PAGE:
Collaboration is key to fighting financial crime and supporting financial system stability. With regulators, among peers, and across our institutions, we must work together.
The COVID-19 pandemic brought out the criminal opportunists in 2020. Regulatory agencies around the world reported increases in fraud due to pandemic-related scams starting as early as February 2020. And the U.S. Federal Trade Commission reported that Americans have lost over $169 million to COVID-19 and stimulus fraud through October 28, 2020.
In order to counter these scams, financial institutions must be able to react with speed and flexibility, without dramatically increasing operational budgets or detracting from the customer experience. And the stakes are high. Aside from reputational and business losses, money laundering and financial crime impact the global financial system in its entirety and can help perpetuate crimes against humanity, such as human trafficking.
According to the United Nation’s (UN) Office on Drugs and Crime, about 2% to 5% of global GDP, approximately $2 trillion, is laundered through the global financial system annually. Cybersecurity Ventures believes cybercrime could cause $6 trillion in damage annually by 2021.
We can use the current circumstance as a catalyst to build financial crime and risk management best practices that protect us in the future. The key is collaboration. Three key parties have to work well together to protect consumers and financial institutions: regulators, internal teams and the industry at large.
The UN Office on Drugs and Crime estimates that only 1% of illicit money flowing through the financial system is seized or frozen by law enforcement. Current systems are largely ineffective, The Wall Street Journal reported, because they lack useful real-time feedback on specific cases and types of potential crime.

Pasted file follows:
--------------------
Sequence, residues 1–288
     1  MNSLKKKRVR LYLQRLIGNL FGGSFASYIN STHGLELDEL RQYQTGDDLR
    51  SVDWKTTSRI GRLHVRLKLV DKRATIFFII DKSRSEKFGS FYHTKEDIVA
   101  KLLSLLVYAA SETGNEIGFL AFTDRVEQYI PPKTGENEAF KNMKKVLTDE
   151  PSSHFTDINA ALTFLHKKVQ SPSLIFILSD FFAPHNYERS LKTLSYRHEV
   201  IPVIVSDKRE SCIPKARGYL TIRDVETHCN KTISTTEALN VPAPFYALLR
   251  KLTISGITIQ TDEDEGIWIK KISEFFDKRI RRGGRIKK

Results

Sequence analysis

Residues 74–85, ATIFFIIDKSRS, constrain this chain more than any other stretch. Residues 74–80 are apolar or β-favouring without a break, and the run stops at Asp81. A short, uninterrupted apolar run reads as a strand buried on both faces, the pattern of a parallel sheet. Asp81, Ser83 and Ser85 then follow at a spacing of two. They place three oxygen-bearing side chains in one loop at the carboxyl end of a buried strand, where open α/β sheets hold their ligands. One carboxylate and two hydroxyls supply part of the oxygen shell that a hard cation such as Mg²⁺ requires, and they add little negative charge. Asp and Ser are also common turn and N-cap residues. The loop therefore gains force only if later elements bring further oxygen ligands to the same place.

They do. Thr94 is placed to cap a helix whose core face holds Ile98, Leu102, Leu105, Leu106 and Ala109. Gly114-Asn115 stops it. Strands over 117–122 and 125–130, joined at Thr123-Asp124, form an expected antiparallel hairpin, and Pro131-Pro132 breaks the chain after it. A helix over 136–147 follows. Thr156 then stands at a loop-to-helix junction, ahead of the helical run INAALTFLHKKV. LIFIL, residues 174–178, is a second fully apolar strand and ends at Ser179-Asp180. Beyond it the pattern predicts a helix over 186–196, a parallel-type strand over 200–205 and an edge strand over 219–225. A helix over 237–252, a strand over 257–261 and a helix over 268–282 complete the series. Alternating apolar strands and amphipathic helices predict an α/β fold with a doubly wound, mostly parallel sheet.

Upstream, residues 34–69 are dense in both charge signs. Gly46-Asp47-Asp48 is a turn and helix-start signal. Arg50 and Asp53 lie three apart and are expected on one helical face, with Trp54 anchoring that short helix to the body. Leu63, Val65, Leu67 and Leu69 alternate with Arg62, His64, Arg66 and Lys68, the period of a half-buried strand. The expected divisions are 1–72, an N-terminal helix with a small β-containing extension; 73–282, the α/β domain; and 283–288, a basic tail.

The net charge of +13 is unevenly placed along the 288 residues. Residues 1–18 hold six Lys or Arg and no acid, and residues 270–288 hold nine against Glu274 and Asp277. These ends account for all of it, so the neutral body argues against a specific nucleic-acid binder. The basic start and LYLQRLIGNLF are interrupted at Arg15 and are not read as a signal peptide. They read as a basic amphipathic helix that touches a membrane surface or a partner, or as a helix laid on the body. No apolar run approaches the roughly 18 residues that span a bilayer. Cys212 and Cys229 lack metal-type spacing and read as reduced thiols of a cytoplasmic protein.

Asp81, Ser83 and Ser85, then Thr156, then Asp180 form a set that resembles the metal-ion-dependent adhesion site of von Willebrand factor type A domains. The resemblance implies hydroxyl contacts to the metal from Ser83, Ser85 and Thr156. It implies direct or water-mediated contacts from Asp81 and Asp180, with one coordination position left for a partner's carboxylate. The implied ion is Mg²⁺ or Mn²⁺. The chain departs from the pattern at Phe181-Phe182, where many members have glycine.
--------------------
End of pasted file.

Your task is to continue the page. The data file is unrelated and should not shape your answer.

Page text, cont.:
It’s time to stop being compliant but ineffective. Rather than being a box-checking exercise, regulatory compliance can effectively lower financial crime risk, achieving its intended purpose by focusing on outcomes.
Regulators around the world are advocating for the use of technology to effectively manage risk, and they themselves are using innovation to uncover suspicious activities.
Financial leaders should encourage and work with regulators to understand how technology can increase the efficacy of compliance efforts. It’s not “us” versus “them.” If anything, the pandemic has shown regulators’ resolve to work across the aisle. And regulators have not asked financial institutions to sink or swim on their own.
Many regulators are allowing experimentation or supporting innovation hubs to help financial institutions monitor and deter financial crime in real time. And many government bodies like the U.S. Federal Trade Commission, the UK National Fraud Intelligence Bureau, the Monetary Authority of Singapore and the Australian Competition and Consumer Commission have published new and evolving scams to facilitate monitoring and detection.
Regulators and financial institutions are both managing unique, pandemic-driven circumstances. In truth, we have always been on the same side. Once we focus on our mutual goals – protecting people and organizations – then we can collaborate more openly and effectively; and not only on process, but on fighting financial crime.